What motivates people to protect their online privacy?

The Extended Mind conducted a 1,010 person survey of U.S. participants weighted to the 2019 American Community Survey using age, gender, race, household income and census region. The goal was to assess consumer knowledge about current data practices and protections, as well as to gather consumer preferences around data management for VR and AR (XR) data. This research was funded by Meta Reality Labs.

Included in the survey were opportunities for respondents to share explanations to certain responses in their own words. Through collecting these additional qualitative responses, we were able to get a glimpse into the feelings and motivations underlying some of our results.

We took these qualitative responses, analyzed their findings, and sorted them categorically into a code book. In this blog, we’ll explore some of these responses and the patterns we saw emerging from the qualitative data.

Motivations for changing privacy settings

Thirty-seven percent (n=374) of survey respondents reported changing their privacy settings in the past three months. Respondents who changed their privacy settings within the past three months were given the opportunity to tell us their reasons for doing so.

In general, we found that they were motivated by either a desire for increased privacy or security. Those concerned about security mentioned viruses, hackers, security breaches and other security risks as things they wanted to avoid while those concerned about privacy were either concerned about privacy from other people or privacy from companies and data collection practices.

Those who wanted increased privacy from other people mentioned not wanting to share their data publicly, wanting to share less on social media, preventing information from being shared with employers, or avoiding sharing information with strangers.

Those who were concerned about data collection were particularly concerned about insufficient default settings and settings changing without their permission.

“I was uncomfortable with how much of my privacy they wanted to invade.”

“I felt like all my data was unsafe under the settings they were under.”

“New updates contain new ways to sneak into my personal space”

This might explain why other respondents mentioned that they want to customize their own settings or that they make a habit of checking on and regularly managing their privacy settings.


What all these responses have in common is a desire for more security and more privacy than is offered at the outset. While certain respondents specifically called out defaults as being insufficient, all the respondents in one way or another are expressing that industry standards of privacy and security don’t meet their personal standards.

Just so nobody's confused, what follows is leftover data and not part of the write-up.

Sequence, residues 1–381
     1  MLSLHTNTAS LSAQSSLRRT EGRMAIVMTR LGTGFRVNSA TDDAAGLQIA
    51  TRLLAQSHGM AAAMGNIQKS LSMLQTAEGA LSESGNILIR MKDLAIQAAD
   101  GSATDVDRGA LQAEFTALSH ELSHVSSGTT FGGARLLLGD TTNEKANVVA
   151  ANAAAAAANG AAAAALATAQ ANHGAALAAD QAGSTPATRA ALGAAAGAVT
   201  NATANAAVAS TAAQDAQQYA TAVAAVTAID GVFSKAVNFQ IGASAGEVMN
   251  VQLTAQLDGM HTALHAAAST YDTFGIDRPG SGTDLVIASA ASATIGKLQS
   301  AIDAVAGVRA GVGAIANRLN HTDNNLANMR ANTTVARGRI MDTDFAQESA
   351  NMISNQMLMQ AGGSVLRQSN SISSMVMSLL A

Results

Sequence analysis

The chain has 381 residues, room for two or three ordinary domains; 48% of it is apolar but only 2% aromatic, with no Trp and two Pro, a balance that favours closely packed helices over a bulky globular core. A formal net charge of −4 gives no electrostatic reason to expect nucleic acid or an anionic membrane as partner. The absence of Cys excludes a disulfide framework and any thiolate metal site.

Location tracking was particularly unpopular

Location tracking was cited specifically as something that people wanted to keep private.

“Turned off my location services on most apps because it’s none of their damn business where I am.”

“My location was given to someone that I had a restraining order on.”

“I set all my settings to private and turn off my location trackers while out with my child and fiance.”

For some, location tracking is an issue of privacy while for others it’s an issue of security. But regardless, a number of people cited location tracking as the reason they changed their privacy settings or as an example of how their data had been used in a way that felt like a privacy violation.

Products or services that people refuse to use

We were curious to know if there were specific products or services that people refuse to use due to privacy concerns. Twenty-eight percent (n=283) of our respondents claimed there were products they refused to use and we asked them to tell us what they were. The products they named tended to fall into the following categories:

  • Smart home devices
  • Social media platforms
  • Products or services offered by specific companies
  • Online platforms
  • Certain devices

Interestingly, many respondents chose to call out companies (including Google, Facebook, Apple) rather than products by name, which calls into question the role of brand reputation on product trust. More research is needed to understand the relationship between brand and product trust.


While the survey’s quantitative findings are interesting, the qualitative results offer another layer of depth to the results. They show us what’s underlying the responses of some of the respondents concerned about their privacy.

These findings highlight brand trust and default settings as being particularly relevant to people’s trust of online products and services. And while these findings aren’t definitive, they offer excellent foundations for future research into how people think about and interact with their online privacy.

You can find the complete code book in the appendix of our full research report, which you can download here: www.extendedmind.io/survey




Culture, Behavior, and Virtual Reality @theextendedmind

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Jessica Outlaw

Jessica Outlaw

Culture, Behavior, and Virtual Reality @theextendedmind

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